What career plan?

I’ve been doing a lot more mentoring this year- entrepreneurs, tech startups, career focused. One of my “career” mentees was interested in how I got where I am. That led to an interesting discussion because the truth is I didn’t plan it.

I wasn’t one of those that had a dream job or career in mind. So I definitely didn’t have a plan either.

I kind of went where my whims and fancies took me. Literally.

I started a degree in Computer Studies because I didn’t get into Actuarial Science, which I thought I really wanted to do.

I finished a degree in Computer Studies because I hated my first year maths courses.

I took jobs because they sounded interesting.

I left jobs because I stopped learning.

I did a dual Masters degree (in Miami) because it seemed like an interesting challenge.

I left technology because I was bored with it.

I studied Arts Management (in Trinidad) because I thought it would be fun.

I returned to technology because I couldn’t get a job in the arts.

I returned to the arts because I got offered a job.

I took part in a tech accelerator (in Italy) because I applied on a whim and got in.

And that ended up leading to me working in the field of entrepreneurship, which led to corporate innovation, where I’ve been for 5 years.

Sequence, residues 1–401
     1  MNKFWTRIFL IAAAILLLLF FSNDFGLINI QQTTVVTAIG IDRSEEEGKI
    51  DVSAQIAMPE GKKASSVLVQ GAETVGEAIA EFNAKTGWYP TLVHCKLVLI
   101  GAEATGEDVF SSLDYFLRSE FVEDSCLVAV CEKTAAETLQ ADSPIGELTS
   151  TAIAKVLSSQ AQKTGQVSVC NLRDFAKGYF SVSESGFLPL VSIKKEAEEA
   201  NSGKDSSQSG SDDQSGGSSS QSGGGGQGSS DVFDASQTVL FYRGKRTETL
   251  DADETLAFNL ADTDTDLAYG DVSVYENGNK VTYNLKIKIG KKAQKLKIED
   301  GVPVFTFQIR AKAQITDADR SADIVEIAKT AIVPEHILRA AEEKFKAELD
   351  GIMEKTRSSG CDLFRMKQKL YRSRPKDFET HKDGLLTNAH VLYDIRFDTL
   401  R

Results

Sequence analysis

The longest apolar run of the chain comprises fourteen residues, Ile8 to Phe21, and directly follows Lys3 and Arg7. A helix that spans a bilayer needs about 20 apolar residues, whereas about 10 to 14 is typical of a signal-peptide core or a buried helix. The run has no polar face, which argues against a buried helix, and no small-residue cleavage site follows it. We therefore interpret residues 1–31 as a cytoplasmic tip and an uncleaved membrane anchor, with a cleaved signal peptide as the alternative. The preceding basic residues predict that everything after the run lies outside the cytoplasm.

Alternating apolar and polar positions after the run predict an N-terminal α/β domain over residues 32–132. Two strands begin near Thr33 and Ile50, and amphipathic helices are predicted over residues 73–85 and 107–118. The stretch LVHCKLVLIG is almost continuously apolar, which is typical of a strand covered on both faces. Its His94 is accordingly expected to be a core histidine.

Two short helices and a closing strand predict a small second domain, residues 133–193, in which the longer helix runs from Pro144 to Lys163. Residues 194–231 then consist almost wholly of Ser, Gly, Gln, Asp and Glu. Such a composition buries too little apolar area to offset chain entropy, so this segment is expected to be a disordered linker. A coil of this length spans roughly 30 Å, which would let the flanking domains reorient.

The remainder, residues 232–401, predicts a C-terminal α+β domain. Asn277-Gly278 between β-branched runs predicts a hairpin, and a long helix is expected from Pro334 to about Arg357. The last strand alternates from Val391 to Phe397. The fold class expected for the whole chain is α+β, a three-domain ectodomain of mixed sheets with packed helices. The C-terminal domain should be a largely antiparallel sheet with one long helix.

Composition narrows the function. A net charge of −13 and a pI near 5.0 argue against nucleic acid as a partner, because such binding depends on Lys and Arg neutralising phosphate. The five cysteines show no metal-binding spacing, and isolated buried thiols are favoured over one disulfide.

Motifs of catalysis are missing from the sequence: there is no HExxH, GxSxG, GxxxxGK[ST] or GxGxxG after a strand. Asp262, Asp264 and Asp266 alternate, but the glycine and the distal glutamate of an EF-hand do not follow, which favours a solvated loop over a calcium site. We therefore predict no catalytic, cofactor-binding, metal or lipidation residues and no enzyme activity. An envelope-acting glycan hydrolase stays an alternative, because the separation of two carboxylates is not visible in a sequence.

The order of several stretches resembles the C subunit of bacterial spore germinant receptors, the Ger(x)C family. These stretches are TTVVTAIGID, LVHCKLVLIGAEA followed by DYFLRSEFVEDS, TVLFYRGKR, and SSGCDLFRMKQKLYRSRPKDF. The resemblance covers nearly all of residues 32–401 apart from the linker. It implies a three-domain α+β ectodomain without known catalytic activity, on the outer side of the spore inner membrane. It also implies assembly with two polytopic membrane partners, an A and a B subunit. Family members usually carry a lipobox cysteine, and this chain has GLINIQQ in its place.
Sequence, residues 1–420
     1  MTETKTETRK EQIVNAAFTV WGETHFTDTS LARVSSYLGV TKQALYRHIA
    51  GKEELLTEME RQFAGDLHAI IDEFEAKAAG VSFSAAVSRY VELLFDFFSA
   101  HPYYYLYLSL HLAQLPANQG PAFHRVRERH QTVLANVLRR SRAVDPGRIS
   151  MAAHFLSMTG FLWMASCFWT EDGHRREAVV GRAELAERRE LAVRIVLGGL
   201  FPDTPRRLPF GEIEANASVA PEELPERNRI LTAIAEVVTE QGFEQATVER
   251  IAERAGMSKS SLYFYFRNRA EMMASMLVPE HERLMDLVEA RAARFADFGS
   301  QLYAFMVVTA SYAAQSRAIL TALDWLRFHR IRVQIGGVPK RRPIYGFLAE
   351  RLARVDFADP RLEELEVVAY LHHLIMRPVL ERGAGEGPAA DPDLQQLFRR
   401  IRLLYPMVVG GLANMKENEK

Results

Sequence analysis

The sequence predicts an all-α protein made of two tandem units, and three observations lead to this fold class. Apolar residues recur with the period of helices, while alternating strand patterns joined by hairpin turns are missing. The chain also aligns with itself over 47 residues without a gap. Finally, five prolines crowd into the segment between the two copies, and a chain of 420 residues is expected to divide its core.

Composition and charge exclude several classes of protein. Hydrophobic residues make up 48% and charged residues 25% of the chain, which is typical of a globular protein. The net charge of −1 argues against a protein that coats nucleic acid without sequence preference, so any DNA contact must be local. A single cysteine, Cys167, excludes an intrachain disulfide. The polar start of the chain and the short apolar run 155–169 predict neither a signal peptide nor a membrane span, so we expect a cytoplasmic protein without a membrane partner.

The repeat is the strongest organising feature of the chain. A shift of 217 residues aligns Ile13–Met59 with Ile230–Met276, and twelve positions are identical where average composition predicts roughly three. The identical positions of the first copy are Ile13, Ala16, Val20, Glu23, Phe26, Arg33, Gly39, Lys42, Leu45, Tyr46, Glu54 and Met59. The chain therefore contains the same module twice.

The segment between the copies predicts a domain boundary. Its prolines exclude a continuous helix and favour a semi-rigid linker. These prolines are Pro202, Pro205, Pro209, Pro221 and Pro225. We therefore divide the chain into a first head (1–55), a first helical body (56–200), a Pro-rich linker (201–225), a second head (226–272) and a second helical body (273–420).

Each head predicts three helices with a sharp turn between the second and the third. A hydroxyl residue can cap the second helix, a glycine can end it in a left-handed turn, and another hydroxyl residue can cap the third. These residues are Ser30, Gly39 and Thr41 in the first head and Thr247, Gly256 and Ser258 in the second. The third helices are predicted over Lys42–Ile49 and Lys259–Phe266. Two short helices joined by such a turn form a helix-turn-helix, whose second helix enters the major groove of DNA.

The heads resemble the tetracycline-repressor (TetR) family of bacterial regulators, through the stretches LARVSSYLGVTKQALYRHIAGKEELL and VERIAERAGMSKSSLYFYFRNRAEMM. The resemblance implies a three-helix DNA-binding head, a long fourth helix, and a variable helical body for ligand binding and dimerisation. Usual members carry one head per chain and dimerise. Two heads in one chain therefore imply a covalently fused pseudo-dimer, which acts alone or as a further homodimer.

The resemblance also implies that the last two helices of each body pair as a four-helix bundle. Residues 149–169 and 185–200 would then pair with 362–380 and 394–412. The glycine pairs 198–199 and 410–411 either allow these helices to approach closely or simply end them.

There really was no plan.

But looking back, the path makes more sense.

I have degrees in Computer Science, Information Systems and Business Administration, as well as training in Project Management, Arts Management, and Strategic Foresight, all of which give me a solid grounding in principles that are useful for innovation.

I have worked in and been exposed to around 2 dozen different industries, all of which give me perspective and insights I can bring into my work.

My focus on optimising for curiosity and learning are the foundation on which innovation is built.

My background in the arts has given me a creativity that other people dream of.

My occasional stints abroad have given me a global network and perspective that I wouldn’t trade for anything.

It remains difficult for me to look far ahead and decide where I want to go with my career. But my path to this point is clear in hindsight.

So I trust that my choices now will make sense in the future.

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